Wondering how to get headhunted on LinkedIn? The modern recruiter looks at a lot of LinkedIn profiles every day, so whether you’re looking for work or just open to new opportunities, investing some time in your profile is a worthwhile endeavour.
Resume Rules Apply
For many people, LinkedIn is more of an online resume than a social network, which is why it’s so surprising that those same people frequently have terrible LinkedIn profiles. When headhunters are looking at LinkedIn profiles, they look for complete work histories, job descriptions, and (yes) a picture of you. Make it easy for them to get a sense of your career trajectory by completing your profile. Even if you never post a status update, apply the same rules to your profile that you apply to your resume.
- If a position is worth having there, it’s worth explaining. (Just keep it skimmable.)
- Not all positions are worth having there. (Your profile should reflect your current career, not the two years you owned an ostrich ranch.)
- Post a picture. (This is the only rule that’s reversed from an old-school resume.)
Skills Show Up In Search
A resume is a place to show off your skills, but you can do more than just include them in your job description with LinkedIn. Under the ‘Skills & Expertise’ you can tag your account with keywords and skills related to your industry. These are tags that help you show up in search results so, if we’re looking for “software sales Toronto”, having “software” and “sales” is a good first step to getting noticed.
There are a lot of different tags you can apply to your profile, so don’t be afraid of a little overlap. “Marketing” and “Web Marketing” are going to attract different audiences and the more specific you can be, the better.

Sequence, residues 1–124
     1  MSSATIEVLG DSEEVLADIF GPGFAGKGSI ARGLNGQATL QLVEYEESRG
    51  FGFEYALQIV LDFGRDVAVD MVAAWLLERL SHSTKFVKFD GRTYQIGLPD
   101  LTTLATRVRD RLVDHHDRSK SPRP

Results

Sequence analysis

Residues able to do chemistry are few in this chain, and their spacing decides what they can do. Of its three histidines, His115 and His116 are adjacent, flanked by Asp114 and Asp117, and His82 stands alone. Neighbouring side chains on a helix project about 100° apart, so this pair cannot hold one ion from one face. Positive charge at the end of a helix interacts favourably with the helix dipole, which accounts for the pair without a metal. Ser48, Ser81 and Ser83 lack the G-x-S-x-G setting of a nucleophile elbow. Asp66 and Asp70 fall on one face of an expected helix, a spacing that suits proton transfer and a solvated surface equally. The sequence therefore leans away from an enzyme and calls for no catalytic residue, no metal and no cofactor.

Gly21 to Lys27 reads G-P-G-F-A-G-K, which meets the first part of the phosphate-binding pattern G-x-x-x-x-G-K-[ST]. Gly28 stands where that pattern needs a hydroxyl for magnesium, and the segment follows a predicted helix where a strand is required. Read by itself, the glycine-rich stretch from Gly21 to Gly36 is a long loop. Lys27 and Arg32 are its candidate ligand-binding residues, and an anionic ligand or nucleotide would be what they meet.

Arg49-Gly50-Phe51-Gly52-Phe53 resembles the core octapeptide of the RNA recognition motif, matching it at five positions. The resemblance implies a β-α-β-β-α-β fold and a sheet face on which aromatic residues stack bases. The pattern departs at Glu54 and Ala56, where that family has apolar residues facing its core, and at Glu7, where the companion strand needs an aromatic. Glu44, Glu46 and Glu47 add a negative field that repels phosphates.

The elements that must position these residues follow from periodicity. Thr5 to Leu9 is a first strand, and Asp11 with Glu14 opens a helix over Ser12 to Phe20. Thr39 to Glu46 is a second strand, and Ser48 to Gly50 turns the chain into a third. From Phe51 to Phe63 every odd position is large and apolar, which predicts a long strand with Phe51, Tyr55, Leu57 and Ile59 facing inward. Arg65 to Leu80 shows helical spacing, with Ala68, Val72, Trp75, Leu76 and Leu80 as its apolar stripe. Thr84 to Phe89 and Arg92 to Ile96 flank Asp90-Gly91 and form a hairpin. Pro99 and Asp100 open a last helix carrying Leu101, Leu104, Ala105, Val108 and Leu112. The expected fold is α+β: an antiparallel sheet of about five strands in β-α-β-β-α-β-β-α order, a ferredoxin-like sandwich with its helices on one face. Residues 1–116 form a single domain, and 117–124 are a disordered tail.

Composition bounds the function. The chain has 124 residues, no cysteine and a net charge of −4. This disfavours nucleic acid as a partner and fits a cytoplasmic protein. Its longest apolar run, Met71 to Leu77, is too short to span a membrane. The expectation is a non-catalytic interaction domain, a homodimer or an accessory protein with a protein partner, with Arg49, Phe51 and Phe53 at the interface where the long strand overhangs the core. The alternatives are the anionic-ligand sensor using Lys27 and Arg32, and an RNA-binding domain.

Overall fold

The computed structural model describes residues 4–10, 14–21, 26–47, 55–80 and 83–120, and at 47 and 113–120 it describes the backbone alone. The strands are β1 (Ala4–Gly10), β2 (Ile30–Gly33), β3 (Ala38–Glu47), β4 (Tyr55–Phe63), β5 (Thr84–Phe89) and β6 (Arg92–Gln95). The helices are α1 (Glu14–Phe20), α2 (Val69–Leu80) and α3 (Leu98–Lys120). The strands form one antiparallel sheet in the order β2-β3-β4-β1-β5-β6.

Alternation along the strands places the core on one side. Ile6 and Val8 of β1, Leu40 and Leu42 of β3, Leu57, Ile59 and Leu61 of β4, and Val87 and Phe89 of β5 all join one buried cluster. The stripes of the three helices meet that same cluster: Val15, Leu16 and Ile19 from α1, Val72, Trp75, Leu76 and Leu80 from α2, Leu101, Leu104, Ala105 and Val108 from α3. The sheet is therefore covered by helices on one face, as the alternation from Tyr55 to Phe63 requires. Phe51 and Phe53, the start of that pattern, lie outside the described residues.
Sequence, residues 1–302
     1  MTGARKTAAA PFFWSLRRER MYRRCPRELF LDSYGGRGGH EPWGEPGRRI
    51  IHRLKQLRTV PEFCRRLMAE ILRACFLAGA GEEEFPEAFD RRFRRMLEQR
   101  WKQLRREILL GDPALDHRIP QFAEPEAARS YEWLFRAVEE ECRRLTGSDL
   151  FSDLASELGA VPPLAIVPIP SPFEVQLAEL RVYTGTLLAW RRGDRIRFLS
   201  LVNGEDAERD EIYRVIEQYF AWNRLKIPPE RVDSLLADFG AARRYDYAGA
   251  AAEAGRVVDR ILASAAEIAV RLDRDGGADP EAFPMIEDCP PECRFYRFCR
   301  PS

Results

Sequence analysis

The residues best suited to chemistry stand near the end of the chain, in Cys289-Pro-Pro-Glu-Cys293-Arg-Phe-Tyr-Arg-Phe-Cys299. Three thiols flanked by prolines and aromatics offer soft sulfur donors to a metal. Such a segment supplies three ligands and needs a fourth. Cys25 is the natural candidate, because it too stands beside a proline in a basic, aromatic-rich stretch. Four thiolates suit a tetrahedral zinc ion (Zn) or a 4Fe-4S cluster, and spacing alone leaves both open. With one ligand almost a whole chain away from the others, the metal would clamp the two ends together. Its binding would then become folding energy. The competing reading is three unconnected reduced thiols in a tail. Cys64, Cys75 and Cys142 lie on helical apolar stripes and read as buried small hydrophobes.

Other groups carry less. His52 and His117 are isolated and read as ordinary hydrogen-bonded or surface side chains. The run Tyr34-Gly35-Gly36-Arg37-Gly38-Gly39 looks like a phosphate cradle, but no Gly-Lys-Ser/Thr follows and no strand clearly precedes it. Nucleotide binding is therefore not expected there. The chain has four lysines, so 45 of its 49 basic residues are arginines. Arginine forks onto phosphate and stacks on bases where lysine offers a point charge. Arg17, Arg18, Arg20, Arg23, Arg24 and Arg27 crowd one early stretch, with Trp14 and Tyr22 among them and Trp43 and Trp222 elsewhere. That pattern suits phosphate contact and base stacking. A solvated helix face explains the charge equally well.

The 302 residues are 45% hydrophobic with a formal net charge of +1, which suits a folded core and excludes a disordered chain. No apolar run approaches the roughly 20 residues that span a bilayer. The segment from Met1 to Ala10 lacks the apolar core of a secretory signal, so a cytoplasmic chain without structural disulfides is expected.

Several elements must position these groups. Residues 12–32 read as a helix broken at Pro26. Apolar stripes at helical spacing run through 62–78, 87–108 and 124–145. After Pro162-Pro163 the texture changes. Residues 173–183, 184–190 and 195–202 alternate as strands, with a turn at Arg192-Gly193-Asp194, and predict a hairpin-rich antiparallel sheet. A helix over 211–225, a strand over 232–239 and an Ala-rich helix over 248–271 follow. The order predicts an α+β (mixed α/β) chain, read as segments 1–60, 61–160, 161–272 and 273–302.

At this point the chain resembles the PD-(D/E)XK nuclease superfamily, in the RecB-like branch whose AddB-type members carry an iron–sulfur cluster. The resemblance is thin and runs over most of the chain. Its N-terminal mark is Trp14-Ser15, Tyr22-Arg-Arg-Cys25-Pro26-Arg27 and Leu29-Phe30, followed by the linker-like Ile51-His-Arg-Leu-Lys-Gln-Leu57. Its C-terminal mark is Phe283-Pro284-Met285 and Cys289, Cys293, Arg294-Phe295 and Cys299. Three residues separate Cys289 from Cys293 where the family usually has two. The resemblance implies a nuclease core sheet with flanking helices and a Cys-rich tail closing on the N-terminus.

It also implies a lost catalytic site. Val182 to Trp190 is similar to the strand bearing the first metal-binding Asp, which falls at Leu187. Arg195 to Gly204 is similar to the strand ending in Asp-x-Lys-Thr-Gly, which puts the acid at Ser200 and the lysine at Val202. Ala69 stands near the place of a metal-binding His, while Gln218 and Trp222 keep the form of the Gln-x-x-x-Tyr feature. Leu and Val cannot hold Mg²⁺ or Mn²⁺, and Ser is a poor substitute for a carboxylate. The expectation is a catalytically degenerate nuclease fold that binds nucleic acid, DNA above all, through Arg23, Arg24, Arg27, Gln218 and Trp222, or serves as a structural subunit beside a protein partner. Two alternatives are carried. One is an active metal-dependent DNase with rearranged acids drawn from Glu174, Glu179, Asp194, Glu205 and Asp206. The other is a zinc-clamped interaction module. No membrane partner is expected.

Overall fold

Nothing will replace a reference check, but a recommendation is a good way to establish that everything on your profile isn’t a complete fabrication. If you work directly with clients, they may take it upon themselves to recommend the work you’ve done, but in any other situation you’ll probably have to ask. When you do, try to get someone senior to vouch for you. It carries more weight than swapping recommendations with the guy in the cubicle next to you.
Be There Or Beware
This isn’t equally true for every industry, but LinkedIn is the go-to resource for recruiters in technology, finance, manufacturing and a host of other sectors. If, for whatever reason, you’ve decided to avoid LinkedIn you’re likely missing out on opportunities to get headhunted. There are still ways you can come across our desk (recommendations, applications, etc.), but we might not even bother if someone else’s well manicured LinkedIn account has given us everything we need before we had to ask for it.
For the most part LinkedIn is a “set it and forget it” social network, which is good for people who might not be social media savvy. These are the basics you can do to make sure your profile is informative and easy for a recruiter to find. Of course, connecting with your colleagues, joining groups and connecting with a recruiter also increases your odds of getting headhunted, but start with the basics and go from there.